Thursday, March 19, 2015
Croc's grandpappy found in the Carolinas
Meet the 'Carolina Butcher,' a Pre-Dino Predator
Carnufex carolinensis roamed the earth roughly 231 million years ago, researchers say.
The Carnufex carolinensis, illustrated in this artist's rendering, is believed to have measured 9 feet long.
Herbivores, meet your worst nightmare.
Scientists on Thursday announced the discovery of a fearsome crocodilian ancestor: A 9-foot-long fanged beast that roamed prehistoric North Carolina 231 million years ago.
Stomping about on hind legs like the long-lost miracle love child of supervillains Killer Croc and the Lizard, researchers believe Carnufex carolinensis – meaning "Carolina Butcher" – feasted on armored reptiles, early mammal relatives and other small prey that made their home in the Tar Heel State, which researchers say was then just breaking apart from the supercontinent Pangea.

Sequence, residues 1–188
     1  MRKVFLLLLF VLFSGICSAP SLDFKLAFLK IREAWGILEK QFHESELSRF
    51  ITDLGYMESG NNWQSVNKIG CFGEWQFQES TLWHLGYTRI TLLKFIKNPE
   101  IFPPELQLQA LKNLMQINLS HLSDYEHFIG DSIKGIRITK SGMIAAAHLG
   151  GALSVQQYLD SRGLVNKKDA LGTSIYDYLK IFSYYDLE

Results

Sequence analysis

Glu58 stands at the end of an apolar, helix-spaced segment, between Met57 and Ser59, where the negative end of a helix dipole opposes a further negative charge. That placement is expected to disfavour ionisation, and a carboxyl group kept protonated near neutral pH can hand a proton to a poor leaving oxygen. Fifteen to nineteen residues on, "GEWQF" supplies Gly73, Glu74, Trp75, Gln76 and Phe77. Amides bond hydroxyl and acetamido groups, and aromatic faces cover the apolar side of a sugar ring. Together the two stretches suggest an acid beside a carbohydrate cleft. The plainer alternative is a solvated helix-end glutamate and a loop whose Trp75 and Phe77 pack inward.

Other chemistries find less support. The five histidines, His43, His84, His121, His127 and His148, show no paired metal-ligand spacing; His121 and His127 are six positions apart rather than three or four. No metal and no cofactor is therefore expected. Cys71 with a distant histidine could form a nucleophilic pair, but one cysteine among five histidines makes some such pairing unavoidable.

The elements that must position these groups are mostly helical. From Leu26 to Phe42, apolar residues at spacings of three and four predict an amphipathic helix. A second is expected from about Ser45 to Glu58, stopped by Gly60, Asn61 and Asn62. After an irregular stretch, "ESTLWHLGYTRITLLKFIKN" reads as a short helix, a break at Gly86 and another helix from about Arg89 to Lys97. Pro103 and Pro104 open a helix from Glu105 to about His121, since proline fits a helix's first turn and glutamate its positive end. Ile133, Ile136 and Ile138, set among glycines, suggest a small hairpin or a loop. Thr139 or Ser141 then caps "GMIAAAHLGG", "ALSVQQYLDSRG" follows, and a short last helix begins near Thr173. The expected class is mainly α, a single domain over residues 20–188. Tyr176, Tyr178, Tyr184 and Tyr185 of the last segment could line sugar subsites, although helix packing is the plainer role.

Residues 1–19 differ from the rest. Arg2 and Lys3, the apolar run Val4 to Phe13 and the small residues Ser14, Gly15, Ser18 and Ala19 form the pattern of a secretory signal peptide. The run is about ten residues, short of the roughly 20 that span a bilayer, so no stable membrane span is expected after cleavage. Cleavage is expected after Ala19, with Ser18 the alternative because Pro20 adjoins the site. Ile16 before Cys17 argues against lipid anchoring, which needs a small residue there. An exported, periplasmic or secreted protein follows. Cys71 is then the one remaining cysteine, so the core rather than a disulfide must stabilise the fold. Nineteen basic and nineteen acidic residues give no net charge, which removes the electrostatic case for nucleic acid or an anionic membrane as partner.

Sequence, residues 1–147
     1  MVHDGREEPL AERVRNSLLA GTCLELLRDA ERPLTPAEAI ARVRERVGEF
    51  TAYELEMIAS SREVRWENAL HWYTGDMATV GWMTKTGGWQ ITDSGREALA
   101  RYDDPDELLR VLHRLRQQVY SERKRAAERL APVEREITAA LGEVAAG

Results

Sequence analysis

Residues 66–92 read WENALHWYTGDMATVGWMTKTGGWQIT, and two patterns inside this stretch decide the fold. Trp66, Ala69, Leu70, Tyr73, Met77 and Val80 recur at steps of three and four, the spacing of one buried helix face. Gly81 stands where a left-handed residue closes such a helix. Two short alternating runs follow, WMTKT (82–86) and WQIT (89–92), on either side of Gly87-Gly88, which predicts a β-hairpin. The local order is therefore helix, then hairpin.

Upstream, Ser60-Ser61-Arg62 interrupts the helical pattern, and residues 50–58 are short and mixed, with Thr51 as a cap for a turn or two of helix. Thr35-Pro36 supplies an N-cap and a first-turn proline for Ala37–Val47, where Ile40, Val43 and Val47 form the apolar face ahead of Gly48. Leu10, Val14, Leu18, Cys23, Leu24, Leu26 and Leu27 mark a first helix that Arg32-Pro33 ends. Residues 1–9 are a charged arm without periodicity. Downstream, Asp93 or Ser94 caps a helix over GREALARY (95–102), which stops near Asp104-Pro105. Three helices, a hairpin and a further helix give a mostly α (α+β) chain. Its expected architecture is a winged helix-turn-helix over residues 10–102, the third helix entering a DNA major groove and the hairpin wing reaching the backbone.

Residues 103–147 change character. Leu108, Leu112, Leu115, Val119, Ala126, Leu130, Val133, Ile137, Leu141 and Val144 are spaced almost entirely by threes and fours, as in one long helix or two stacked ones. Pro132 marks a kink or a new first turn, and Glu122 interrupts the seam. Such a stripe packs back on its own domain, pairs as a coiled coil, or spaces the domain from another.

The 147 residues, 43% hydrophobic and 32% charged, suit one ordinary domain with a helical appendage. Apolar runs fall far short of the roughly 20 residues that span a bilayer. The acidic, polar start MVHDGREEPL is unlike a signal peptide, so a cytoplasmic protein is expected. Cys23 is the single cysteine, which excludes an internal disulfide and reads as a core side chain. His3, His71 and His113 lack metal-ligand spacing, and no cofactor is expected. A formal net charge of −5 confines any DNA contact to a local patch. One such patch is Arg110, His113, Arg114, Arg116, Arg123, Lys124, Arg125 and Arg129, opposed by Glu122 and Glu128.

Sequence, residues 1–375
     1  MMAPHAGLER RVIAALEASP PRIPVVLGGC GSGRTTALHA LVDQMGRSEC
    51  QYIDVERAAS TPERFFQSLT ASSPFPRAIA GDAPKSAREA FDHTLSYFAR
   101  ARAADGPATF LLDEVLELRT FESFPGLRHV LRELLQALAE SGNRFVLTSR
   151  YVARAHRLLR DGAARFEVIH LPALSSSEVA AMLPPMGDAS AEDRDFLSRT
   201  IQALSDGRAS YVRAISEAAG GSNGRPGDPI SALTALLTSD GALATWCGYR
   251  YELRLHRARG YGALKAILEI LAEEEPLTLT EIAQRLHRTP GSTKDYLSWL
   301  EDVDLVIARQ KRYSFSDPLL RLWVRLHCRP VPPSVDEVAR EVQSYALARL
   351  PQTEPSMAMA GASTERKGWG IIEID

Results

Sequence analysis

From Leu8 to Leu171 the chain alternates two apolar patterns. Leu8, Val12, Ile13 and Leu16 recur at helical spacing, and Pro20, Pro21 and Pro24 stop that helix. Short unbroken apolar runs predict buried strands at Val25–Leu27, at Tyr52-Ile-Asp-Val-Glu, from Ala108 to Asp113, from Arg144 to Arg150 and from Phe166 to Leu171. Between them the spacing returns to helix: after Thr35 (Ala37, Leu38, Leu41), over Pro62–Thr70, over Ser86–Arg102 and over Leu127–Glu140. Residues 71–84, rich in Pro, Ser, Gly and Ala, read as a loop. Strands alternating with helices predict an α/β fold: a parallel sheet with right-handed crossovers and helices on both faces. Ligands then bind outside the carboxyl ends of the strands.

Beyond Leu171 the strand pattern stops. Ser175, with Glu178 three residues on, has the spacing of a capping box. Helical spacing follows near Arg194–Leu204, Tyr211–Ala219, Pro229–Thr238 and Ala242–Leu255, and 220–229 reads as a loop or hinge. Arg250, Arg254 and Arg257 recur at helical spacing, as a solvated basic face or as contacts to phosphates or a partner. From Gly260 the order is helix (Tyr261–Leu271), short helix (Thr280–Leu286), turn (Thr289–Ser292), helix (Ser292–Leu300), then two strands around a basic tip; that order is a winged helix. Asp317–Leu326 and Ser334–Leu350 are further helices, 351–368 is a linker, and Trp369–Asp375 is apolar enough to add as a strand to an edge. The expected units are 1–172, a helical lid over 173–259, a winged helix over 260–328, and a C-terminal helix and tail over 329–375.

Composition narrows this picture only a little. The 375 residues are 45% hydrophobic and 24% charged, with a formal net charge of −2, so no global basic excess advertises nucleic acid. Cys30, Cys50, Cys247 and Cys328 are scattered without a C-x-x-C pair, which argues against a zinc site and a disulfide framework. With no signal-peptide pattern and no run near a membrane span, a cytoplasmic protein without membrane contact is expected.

“The discovery of Carnufex, one of the world’s earliest and largest crocodylomorphs, adds new information to the push and pull of top terrestrial predators across Pangea,” Lindsay Zanno, an assistant research professor in the biology department at North Carolina State University, said in a statement.
The skull, spine and upper forelimb of the reptilian beast were uncovered in the Pekin geologic formation in North Carolina's Chatham County, where ancient sediment has churned up other prehistoric remains.
"Fossils from this time period are extremely important to scientists because they record the earliest appearance of crocodylomorphs and theropod dinosaurs, two groups that first evolved in the Triassic Period, yet managed to survive to the present day in the form of crocodiles and birds," Zanno said.
Already, scientists believed that cousins of the ancient crocodile ranked among the top predators in the Southern Hemisphere, hunting alongside theropod dinosaurs – a dynamic that created a “predator pileup” and led to the extinction of the crocodile relatives.